After the troubled incidents of Tuesday, the state government had requisitioned the Army to help police and paramilitary Central Reserve Police Force (CRPF) troops in enforcing a curfew in the city. Despite the Army's presence, the state-wide curfew was defied at several important towns, including Baramulla, Sopore, Pattan, Chadoora, Machua and Anantnag.
The latest tension resulted from the shooting deaths on Monday of two Kashmiri youths by paramilitary police in hot pursuit of the youths. Public demonstrations followed on Tuesday in which police killed two demonstrators.
Indian security forces are notorious for over-reacting to minor provocations with predictable results - large protests. For a change, these wounds to civil order are self-inflicted, instead of instigated by Pakistani-based provocateurs. Regardless of the reasons for the civil unrest, Indian authorities know that security has to be restored before anything else of value might be accomplished. They always use overwhelming force to ensure law and order are restored.
Note to Readers: The New York Times coverage of this tragedy asserts in passing that India and Pakistan "claim" the Kashmir Valley. That is a factual error. The Srinagar Valley of Kashmir is part of India. The Indian Constitution lists Jammu and Kashmir State as a state integral to India's national territory. A constitutional amendment would be required to sever any part of Jammu and Kashmir State from the Indian federation. That is not a claim; it is ownership.
Pakistan does not claim Kashmir as part of Pakistan, but insists Kashmiris have the right of self-determination -- to remain with India or to join the Pakistani proxy state, known as Azad (Free) Kashmir or create an independent Islamic state of Kashmir.
Kashmiris want an independent state, not membership in a Pakistani federal system. Pakistan no more desires an independent, potentially radical, Islamic Kashmir State than it seeks to allow the Pashtun tribal territories in the west to become independent.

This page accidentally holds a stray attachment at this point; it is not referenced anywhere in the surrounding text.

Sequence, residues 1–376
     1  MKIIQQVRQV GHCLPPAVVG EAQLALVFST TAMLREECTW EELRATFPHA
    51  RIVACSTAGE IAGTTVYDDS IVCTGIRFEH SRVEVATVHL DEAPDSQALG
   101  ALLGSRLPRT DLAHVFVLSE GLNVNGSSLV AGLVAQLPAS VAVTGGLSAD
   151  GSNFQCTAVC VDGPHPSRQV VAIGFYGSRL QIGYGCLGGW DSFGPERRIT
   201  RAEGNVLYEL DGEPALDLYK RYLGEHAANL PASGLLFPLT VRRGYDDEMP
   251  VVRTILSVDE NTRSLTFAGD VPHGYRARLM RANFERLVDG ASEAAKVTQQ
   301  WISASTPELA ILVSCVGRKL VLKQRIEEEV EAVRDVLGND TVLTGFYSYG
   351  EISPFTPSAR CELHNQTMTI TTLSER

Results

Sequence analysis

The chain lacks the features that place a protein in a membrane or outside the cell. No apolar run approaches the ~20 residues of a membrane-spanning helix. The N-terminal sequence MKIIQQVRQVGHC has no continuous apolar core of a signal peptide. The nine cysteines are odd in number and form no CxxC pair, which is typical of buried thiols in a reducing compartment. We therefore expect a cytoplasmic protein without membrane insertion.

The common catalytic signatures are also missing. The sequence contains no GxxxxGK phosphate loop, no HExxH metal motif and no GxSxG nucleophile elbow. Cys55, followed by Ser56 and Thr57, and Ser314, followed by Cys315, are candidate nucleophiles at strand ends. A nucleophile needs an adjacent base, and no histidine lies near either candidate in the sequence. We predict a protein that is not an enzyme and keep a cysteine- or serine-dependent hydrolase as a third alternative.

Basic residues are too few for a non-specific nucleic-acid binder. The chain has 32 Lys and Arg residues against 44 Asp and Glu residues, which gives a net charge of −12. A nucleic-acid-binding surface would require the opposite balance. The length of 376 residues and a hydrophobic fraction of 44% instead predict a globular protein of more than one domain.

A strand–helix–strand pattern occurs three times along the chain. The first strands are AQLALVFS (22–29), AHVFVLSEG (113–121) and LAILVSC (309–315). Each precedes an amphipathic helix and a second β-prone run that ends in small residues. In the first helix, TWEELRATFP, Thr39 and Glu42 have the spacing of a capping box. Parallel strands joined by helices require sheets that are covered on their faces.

India and Pakistan agree that another independent state in South Asia is a non-starter. The New York Times article's embedded editorializing is superficial and ill-informed.
China-Pakistan: "China is a friend and a strategic partner, committed to the promotion of stability and economic progress of Pakistan" is how Chinese President Hu Jintao summed up the strategic relations in talks today in Islamabad.
Pakistani President Zardari responded by saying, "It is our belief that Pakistan can act as a force multiplier for China (emphasis added) and we will continue to work towards this end." The president's spokesman Farhatullah Babar said the two leaders discussed a host of issues relating to strategic partnership, reviewing the steps taken thus far and also charting a future course of action.
Comment: It is difficult to imagine any more provocative remarks that Zardari might have made. Pakistan as a force multiplier for China precisely defines the primary strategic threat India perceives from Pakistan. The next conflict in South Asia will pit India against China with Pakistan acting as a Chinese force multiplier that forces India to fight on two fronts.
Iran-Russia: Iran's Mehr news agency reported that Russian ships are participating this week in the first-ever joint naval exercises in the Caspian Sea. A senior Iranian ports authority official was quoted as stating that the drill was aimed at preventing pollution and improving search and rescue operations coordination between the two nations.
Called the "Regional Collaboration for a Secure and Clean Caspian," the two-day drill reportedly combines military objectives with environmental goals and involves an estimated 30 vessels.
Comment: Once again, this kind of cooperation should be a normal activity for the riparian states on the Caspian Sea, but it is not. The timing indicates Russia is sending a message that is considers itself only bound by the letter of the UN sanctions resolution against Iran. The government in Moscow considers the resolution no impediment to continuing existing and starting new areas of cooperation with Iran.
Turkey: The Constitutional Court annulled key parts of a package of government-backed constitutional reforms. The court annulled changes that would curb the power of the judiciary and the army. It rejected, however, an opposition proposal to scrap all of the reform measures.
The package leaves a powerful judiciary in place, which is likely to remain assertive in its defense of Turkey's secular system against perceived threats from elected politicians. The remaining reforms, which include stronger civil liberties and increasing civilian oversight of the military, will now be put to national vote in September.